Establishing the Usefulness of Complementary Currencies
Modern portfolio theory (MPT) is at the bedrock of finance and governs the allocation of most of the professional investment capital in the world. It would be almost unthinkable for any credible manager of hedge funds, mutual funds, funds of funds, or sovereign wealth funds to disclaim reliance on this body of knowledge that has been proven both theoretically and empirically over decades of research across wide investment classes and vehicles.
MPT holds that portfolio diversification, meaning the simultaneous holding of different assets whose expected performance characteristics are not correlated and therefore complementary, is essential to the optimization of the risk-reward paradigm, thereby maximizing the expected return for a given level of risk. In plain English, it is statistically more profitable and less risky over time to invest in a portfolio of complementary assets than it is to invest in any single asset within that portfolio.
Research has found that a surprisingly small portfolio can offer to the investor nearly all of the expected benefit of diversification. Notably, however, the greatest benefit is found from the first act of diversification; going from a single-asset portfolio to one with two non-correlated assets. Subsequent diversification benefits are significant but decline with each additional asset until nearly all of the potential benefit is captured at the threshold of six assets. Also, the more non-correlated the portfolio assets are, the fewer are required to achieve optimum diversification.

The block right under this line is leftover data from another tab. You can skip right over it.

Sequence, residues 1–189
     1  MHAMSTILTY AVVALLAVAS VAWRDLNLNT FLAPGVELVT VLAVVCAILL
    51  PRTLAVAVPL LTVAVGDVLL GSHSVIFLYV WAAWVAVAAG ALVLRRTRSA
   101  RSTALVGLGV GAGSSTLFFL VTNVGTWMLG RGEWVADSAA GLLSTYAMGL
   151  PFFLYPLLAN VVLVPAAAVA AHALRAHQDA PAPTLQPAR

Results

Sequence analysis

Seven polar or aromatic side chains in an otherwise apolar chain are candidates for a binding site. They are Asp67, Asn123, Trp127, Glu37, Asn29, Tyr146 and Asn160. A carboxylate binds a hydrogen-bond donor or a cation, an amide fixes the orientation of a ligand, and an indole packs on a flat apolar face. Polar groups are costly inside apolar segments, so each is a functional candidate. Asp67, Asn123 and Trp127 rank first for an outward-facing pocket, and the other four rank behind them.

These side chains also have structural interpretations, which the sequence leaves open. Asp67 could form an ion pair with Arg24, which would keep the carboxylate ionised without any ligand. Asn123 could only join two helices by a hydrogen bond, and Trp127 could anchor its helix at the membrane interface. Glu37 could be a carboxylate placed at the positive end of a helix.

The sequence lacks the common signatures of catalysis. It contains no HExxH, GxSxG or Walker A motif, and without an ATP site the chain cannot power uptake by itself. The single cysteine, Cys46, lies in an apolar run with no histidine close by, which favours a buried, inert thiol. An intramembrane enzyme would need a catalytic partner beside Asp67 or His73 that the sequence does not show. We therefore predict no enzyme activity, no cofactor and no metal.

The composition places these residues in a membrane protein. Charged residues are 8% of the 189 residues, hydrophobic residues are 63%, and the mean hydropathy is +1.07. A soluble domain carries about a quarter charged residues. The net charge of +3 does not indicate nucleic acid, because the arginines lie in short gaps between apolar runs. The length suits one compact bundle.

To date, policy makers have apparently not thought to apply MPT to monetary policy due to the fact that type of money has not been viewed as a diversifiable asset.
Money as a Diversifiable Asset
It is important at this juncture to make a critical distinction: by “diversifiable asset”, I am not referring to the differing national fiat currencies (NFC’s). While the diverse national fiat currencies have dissimilar appearances, they all share common characteristics. All are fractional reserve, debt-based, fiat forms of money that are backed by the full faith and credit of the sovereign nation issuer, each of which delegates this function to a central bank. There are…